How to pick the best melon


Melons have always been one of my favorite summer treats. Not only are they juicy and nutritious, but if you pick the right ones they are sweet and delicious, as well.

Melons are packed full of vitamins. Cantaloupes are rich in vitamins A and C. Honeydew has plenty of vitamin C, potassium and B vitamins. Watermelon provides vitamins A and C and is 93 percent water — perfect for staying hydrated on a hot day.

Additionally, red watermelon is a good source of lycopene — the phytonutrient that gives watermelon its color. According to an Ohio State University Extension Ohioline fact sheet, Lycopene appears to protect the body against a growing list of cancers, including prostate cancer, breast cancer, endometrial cancer, lung cancer and colorectal cancers. Lycopene also helps protect cells from damage associated with heart disease as well.

With plenty of good reasons to indulge, it’s beneficial to learn to pick the best melons available.

Melon picking tips


  • Make sure the melon has no bruises or discolorations.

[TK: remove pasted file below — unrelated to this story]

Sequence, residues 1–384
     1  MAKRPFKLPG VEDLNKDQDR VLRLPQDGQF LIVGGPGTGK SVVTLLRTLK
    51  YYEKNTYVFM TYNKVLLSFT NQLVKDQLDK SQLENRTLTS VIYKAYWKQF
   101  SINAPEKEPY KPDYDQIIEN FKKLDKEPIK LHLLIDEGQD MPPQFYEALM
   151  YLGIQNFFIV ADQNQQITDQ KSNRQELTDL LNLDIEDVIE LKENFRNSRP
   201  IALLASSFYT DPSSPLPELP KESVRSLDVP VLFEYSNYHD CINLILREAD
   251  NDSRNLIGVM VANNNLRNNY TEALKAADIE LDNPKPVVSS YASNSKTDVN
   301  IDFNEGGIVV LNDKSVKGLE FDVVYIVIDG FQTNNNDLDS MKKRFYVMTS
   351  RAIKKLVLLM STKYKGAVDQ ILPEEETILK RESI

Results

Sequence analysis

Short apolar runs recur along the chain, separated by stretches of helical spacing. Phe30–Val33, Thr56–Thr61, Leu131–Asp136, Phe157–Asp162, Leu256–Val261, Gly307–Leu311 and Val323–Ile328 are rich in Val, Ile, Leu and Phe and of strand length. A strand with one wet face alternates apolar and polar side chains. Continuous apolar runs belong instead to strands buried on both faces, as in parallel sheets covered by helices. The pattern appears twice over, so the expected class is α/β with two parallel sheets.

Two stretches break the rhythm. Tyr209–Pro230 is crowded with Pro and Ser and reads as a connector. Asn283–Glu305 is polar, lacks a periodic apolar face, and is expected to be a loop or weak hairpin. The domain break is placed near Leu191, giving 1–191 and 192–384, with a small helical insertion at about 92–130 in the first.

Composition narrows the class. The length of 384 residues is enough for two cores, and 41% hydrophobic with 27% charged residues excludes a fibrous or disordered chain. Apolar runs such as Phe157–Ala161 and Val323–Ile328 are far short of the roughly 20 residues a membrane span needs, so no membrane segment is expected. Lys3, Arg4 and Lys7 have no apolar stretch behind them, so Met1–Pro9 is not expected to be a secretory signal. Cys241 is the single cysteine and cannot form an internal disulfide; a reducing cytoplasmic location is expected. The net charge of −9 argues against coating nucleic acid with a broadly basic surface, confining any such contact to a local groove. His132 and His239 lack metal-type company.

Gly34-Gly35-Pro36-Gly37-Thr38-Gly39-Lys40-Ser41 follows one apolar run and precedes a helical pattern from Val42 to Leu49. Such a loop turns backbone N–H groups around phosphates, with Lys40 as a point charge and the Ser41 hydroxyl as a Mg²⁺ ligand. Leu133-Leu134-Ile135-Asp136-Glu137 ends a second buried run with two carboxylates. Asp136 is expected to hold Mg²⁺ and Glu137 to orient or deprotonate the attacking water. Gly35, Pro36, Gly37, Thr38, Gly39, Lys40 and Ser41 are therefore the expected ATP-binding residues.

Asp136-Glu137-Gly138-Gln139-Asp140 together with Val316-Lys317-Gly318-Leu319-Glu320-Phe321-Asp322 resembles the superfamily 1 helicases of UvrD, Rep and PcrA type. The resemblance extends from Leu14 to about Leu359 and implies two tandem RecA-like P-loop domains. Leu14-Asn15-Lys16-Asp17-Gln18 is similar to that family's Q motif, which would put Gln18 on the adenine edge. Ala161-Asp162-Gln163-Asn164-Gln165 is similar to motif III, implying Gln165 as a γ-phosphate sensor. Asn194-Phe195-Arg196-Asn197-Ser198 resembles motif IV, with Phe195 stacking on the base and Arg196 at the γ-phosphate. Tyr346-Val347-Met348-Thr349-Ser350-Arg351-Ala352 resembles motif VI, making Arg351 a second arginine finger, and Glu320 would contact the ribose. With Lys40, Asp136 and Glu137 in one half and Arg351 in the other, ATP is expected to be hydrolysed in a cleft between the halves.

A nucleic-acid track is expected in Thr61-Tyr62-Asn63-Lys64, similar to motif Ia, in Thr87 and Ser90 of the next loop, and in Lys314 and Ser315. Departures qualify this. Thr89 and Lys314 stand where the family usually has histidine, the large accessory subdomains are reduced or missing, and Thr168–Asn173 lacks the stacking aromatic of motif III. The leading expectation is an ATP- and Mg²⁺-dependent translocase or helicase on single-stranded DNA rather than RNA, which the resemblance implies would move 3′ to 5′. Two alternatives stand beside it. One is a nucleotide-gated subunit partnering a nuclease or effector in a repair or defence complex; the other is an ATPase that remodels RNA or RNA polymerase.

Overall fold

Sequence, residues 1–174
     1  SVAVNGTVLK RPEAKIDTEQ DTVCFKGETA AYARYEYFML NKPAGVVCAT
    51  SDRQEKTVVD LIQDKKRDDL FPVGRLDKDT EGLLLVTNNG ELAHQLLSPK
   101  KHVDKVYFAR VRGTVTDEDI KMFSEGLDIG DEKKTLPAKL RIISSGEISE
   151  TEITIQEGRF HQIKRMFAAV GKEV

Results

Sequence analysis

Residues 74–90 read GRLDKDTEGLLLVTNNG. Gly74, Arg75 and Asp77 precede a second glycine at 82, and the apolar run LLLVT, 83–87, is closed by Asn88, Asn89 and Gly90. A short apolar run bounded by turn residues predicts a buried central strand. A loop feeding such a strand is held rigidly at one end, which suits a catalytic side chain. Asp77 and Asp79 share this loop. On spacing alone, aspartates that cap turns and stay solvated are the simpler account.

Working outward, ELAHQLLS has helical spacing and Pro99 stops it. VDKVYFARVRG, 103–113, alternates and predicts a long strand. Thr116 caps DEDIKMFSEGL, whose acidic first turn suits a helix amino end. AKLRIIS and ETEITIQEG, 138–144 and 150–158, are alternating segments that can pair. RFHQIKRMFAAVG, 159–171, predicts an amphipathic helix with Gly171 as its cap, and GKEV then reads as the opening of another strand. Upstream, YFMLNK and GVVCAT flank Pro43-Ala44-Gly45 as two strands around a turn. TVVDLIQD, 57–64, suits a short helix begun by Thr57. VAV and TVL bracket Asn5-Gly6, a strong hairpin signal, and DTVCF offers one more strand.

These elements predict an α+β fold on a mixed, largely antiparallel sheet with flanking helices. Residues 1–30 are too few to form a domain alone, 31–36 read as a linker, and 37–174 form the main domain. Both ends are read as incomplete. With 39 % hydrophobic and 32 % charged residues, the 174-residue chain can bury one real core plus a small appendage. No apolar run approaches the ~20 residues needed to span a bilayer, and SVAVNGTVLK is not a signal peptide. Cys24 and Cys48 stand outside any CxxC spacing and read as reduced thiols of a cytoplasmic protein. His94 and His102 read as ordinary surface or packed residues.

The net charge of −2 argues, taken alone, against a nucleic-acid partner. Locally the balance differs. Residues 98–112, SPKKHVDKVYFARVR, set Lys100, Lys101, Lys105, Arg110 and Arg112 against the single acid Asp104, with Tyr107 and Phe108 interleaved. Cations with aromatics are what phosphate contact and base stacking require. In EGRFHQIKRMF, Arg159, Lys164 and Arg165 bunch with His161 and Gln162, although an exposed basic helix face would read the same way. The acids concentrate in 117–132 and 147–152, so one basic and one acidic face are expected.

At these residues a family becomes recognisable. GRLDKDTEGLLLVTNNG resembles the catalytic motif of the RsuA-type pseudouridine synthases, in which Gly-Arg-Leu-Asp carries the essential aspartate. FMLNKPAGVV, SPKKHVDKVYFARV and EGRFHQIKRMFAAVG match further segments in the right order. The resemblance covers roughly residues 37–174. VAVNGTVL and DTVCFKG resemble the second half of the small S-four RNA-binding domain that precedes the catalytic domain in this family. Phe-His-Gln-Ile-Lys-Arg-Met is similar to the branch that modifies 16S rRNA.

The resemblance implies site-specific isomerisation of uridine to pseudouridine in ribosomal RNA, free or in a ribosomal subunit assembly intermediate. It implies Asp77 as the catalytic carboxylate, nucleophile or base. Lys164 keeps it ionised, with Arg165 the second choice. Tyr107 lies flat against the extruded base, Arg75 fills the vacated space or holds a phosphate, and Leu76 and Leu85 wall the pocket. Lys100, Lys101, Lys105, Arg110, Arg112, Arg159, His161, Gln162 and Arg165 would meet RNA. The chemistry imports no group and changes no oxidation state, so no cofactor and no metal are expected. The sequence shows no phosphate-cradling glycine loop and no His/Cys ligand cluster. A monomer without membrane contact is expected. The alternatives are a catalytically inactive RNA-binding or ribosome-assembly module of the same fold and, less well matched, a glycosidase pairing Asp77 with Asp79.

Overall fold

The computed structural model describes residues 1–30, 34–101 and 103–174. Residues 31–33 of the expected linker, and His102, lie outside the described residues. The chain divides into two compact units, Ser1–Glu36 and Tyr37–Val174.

• Look for a smooth, slightly sunken and well-rounded stem end.
  • It should have a sweet, musky aroma.
  • Ripe melons have an evenly distributed corky web-pattern that is a buff or light tan color on a green, yellow or gray background.


  • Ripe honeydew has a creamy yellow color when picked. If the melon is green when its picked, it won’t ripen.
  • Its skin should feel velvety and the blossom end should feel slightly springy.


  • The area where the watermelon has been resting on the ground should be a pale yellow or cream. A green or white spot means it is not quite ripe.
  • Gently, scratch the surface of the watermelon’s rind with your thumbnail. The outer layer should slips back with little resistance showing the green-white under the rind if the watermelon is ripe. If the scratch leaves a darker depressed line the melon isn’t ripe yet.
  • Pick a melon with a smooth surface, dull sheen and well-rounded ends.
  • Make sure your melon doesn’t have bruises, cuts or dents.
  • Lift your watermelon to make sure it’s not heavy for its size. Most of its weight is made up of water.
  • If you are choosing pre-cut watermelons, select ones with more red flesh and less white rind. It’s an indicator that the melon was ripe when it was cut.

Produce safety

Always wash your produce before preparing it for consumption. Melons grow on the ground and can collect bacteria. Peeling or cutting unwashed produce can transfer dirt and bacteria from the rind to the flesh. Produce with a firm outer layer, like melons, should be scrubbed with a produce brush and dried off with a clean paper towel before peeling or cutting into them.

Once you’ve selected and prepared the perfect melon, kick back, relax and enjoy your treat!



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